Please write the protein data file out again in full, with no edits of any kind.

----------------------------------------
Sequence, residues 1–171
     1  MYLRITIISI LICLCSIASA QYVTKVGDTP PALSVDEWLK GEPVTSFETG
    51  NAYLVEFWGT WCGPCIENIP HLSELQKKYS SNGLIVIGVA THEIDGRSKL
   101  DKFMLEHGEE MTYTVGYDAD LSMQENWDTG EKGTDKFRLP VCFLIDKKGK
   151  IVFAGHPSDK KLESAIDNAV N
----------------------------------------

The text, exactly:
Sequence, residues 1–171
     1  MYLRITIISI LICLCSIASA QYVTKVGDTP PALSVDEWLK GEPVTSFETG
    51  NAYLVEFWGT WCGPCIENIP HLSELQKKYS SNGLIVIGVA THEIDGRSKL
   101  DKFMLEHGEE MTYTVGYDAD LSMQENWDTG EKGTDKFRLP VCFLIDKKGK
   151  IVFAGHPSDK KLESAIDNAV N